The thing I really appreciated about Left Drowning was the way it tackled fate and belief. Blythe and Chris were both absolutely nonreligious. I loved that aspect because I don’t often see characters in contemporary romance who don’t believe in a God and have that not be a plot point where they’ll eventually believe. If a contemporary involves religion, it is typically because one or more of the characters are religious. I am not religious myself, so I really enjoyed seeing two characters who weren’t, either, and that wasn’t a problem. I was nervous, however, because I wasn’t sure if it would later end up being a plot device where they would realize the error of their ways. It isn’t that I don’t enjoy reading that, but for some reason, I just wanted it to be okay for them to not believe.
The story dealt with the idea of fate and I loved that Chris and Blythe were connected, were drawn to each other, and how there was a reason for that. I also loved that the story didn’t end with their fate or connection that was due to a higher power, but it wasn’t necessarily NOT due to one, either. The story left that decision or option open to a degree. Again, I just loved this for personal reasons, because I felt connected and fated to be with my husband, but neither of us are religious and that’s okay. I have never read a romance that dealt with fate, mentioned religion, and yet let the idea of fate remain open and not tied to religion. They either don’t mention religion or they tie the two ideas together. I just loved the message that it’s okay to believe in God, not believe in God, or believe in other things like fate.
A lot of negative reviews have been mentioning the graphicness of the sex scenes and the frequency of them. I’m not really sure if I’ve just been reading too many New Adult books or if those reviewers haven’t been reading enough. Left Drowning had a ton of sex scenes, but I didn’t feel bombarded by them and the most important part to me was that the book wasn’t just a giant excuse to have sex scenes, which is sort of what’s been happening with New Adult books. The fact that there is even a plot with well fleshed out characters in the midst of all the sex is a relief to me, so I don’t understand why negative reviews have called this book out in particular.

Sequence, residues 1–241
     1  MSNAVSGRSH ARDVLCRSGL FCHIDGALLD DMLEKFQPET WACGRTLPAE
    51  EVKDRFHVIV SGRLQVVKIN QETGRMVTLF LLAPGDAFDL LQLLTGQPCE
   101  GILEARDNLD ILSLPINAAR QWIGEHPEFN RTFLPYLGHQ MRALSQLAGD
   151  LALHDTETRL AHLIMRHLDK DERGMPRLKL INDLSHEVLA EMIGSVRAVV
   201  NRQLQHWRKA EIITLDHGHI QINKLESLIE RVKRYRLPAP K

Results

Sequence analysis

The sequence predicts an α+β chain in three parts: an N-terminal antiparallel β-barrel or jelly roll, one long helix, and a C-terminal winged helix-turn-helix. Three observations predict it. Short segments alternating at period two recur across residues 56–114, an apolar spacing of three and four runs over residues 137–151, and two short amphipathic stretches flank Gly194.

In fact, many of the negative reviews I’m seeing are bringing up all sorts of things like Blythe having issues, Chris not wanting a relationship, the way they sort of hook up and try not to add strings, the insta-love, etc. The only thing I can say is that these issues are no different from any other New Adult title I’ve read and Left Drowning would certainly not be THE book I’d pick to discuss issues in the category. I am gathering that these reviewers just don’t read New Adult romances typically, because I definitely wouldn’t call out Left Drowning as a bad example at all.
I think Left Drowning is a good example of New Adult Contemporary Romance and has a lot less of the kind of unhealthy things we have been seeing in the genre (but some of us are still loving anyway), like bad boys and dependent heroines.
Bottom Line: Left Drowning is a great New Adult Contemporary Romance with likeable characters, a well written and executed plot, and a romance I can root for. I definitely recommend it, but not to anyone who doesn’t enjoy romance, sex scenes, or swearing.
“It’s a rare thing to be with another person and not feel an obligation to fill every second with talk.”
“There’s no magical reason that we’re dealt what we’re dealt.”
“So I have spent four years without touch and affection and without wanting any. But now there is Christopher Shepherd, the boy who changed all the rules.”
“I guess I liked the idea that... well, that there might be some kind of larger meaning to life or whatever. My mother was into that. She had a nonreligious spiritual side to her, if that makes any sense. She believed in the idea of fate and destiny. An interconnectedness and purpose in life.”
Where to Buy: Amazon.
Barnes and Noble
Labels: New Adult, Review